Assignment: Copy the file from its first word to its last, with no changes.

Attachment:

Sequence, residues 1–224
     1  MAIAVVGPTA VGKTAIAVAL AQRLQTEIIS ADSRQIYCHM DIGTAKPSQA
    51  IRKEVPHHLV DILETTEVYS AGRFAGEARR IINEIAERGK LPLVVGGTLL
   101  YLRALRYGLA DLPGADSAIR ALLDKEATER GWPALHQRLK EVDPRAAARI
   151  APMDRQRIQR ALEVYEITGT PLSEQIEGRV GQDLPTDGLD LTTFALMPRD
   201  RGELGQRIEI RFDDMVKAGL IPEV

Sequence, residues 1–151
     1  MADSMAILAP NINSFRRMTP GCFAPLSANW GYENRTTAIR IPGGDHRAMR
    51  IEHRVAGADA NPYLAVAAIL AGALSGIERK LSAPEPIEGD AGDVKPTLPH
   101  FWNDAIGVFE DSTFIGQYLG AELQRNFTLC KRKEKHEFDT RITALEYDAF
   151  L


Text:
Sequence, residues 1–224
     1  MAIAVVGPTA VGKTAIAVAL AQRLQTEIIS ADSRQIYCHM DIGTAKPSQA
    51  IRKEVPHHLV DILETTEVYS AGRFAGEARR IINEIAERGK LPLVVGGTLL
   101  YLRALRYGLA DLPGADSAIR ALLDKEATER GWPALHQRLK EVDPRAAARI
   151  APMDRQRIQR ALEVYEITGT PLSEQIEGRV GQDLPTDGLD LTTFALMPRD
   201  RGELGQRIEI RFDDMVKAGL IPEV

Sequence, residues 1–151
     1  MADSMAILAP NINSFRRMTP GCFAPLSANW GYENRTTAIR IPGGDHRAMR
    51  IEHRVAGADA NPYLAVAAIL AGALSGIERK LSAPEPIEGD AGDVKPTLPH
   101  FWNDAIGVFE DSTFIGQYLG AELQRNFTLC KRKEKHEFDT RITALEYDAF
   151  L